Skip to main content

Supported employment for people with severe mental illness: a pilot study of an Italian social enterprise with a special ingredient



People with mental disorders are far more likely to be unemployed than the general population. Two internationally recognized, evidence-based models of interventions for employment for people with severe mental health problems are Individual Placement Support and the Clubhouse. In Italy, a common model is the ‘social enterprise’ (SE), which is a programme run by non-profit organisations that help individuals with disabilities to be employed. Despite SEs spread and relevance in Italy, there are no studies about Italian samples. This paper reports on a pilot evaluation of psychosocial and work outcomes of a SE based in Verona, Italy. The study aims to investigate if people with SMI involved in SE job placements may achieve personal recovery and better outcomes over time, and in comparison with a comparable group of users.


This is a pilot descriptive study with three components. A longitudinal design that comprised a functioning description of 33 SE members with a psychiatric disability in two time-points (when they joined the SE—on average 5 years before the study recruitment, and at the study recruitment—year 2018); and a repeated collection of job details of the 33 members in three time points: 2 years before the recruitment,—year 2016; 1 year before the recruitment – year 2017; and at the recruitment—year 2018. An assessment at the recruitment time—year 2018, of SE users’ satisfaction with the job placement, symptoms, functioning, and quality of life (QoL). A cross-sectional study that compared the 33 SE members at the recruitment time—year 2018, with a matched group of people with the following criteria: living in local supported accommodations, being unemployed and not SE members. The two groups were compared on ratings of psychopathology, functioning, and QoL. Descriptive analyses were done.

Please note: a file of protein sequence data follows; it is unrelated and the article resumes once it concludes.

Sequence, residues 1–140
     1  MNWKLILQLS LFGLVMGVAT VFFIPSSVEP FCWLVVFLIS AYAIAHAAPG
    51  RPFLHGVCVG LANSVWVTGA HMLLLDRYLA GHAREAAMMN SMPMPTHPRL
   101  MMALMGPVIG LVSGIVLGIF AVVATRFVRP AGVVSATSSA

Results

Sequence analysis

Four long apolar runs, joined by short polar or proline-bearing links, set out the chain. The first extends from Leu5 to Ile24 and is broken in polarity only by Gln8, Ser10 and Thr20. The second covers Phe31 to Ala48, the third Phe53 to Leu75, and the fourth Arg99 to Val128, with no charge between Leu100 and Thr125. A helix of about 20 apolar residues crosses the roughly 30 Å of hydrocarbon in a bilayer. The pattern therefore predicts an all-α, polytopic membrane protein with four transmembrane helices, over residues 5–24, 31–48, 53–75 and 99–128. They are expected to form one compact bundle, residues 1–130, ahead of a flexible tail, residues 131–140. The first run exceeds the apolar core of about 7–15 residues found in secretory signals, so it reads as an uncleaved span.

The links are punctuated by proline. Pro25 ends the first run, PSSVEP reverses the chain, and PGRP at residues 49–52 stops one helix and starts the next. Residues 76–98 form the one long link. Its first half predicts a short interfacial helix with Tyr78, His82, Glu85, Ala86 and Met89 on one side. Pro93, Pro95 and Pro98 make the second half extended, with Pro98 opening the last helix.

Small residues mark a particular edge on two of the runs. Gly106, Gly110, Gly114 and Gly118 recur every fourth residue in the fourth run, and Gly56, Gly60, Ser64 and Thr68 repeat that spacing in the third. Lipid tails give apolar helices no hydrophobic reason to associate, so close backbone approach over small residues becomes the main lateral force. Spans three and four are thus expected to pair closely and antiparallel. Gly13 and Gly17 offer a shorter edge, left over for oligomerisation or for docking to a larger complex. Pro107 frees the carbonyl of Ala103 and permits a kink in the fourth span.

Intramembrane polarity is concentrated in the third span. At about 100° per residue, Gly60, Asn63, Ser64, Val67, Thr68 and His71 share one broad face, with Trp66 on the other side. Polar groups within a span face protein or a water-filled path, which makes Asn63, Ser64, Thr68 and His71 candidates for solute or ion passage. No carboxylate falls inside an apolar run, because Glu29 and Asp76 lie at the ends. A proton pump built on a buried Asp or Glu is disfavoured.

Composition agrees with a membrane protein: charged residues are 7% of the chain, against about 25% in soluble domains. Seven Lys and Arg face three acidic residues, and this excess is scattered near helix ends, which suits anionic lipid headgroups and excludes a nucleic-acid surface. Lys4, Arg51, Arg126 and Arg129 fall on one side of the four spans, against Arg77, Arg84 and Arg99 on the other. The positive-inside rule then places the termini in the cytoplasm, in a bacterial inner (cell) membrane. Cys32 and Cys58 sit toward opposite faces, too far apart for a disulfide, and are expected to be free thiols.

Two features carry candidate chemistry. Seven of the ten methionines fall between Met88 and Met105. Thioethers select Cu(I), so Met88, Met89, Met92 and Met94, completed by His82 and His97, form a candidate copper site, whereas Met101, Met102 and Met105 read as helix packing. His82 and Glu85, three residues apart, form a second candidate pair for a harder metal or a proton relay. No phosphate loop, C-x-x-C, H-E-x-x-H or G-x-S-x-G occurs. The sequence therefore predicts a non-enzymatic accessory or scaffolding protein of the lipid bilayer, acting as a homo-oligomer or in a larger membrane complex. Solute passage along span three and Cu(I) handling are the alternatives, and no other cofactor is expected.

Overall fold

At the recruitment time – year 2018, all SE participants showed a significant better functioning (p < 0.001) than when they joined the SE—when they had been employed for an average of 5 years. In comparison to the matched group, SE members had significantly better functioning (p = 0.001), psychopathology (p = 0.007), and QoL (p = 0.034). According to their SE membership status, participants comprised trainees (21.2%) and employee members (78.8%). Trainees compared to employees had lower autonomies, functioning, QoL and more severe psychopathology. Over the two years prior to study recruitment, trainees showed stable poor autonomies, while employee members showed a variation from average autonomies in the 2 years before the recruitment time – year 2016, to good ones at the recruitment time – year 2018. Over the two years, all SE members set increasing numbers of objectives in all three domains. All SE participants reported high levels of satisfaction with all aspects of the job placement.


SE that provides tailored support to assist people to gain employment skills may be an effective component in helping recovery from SMI.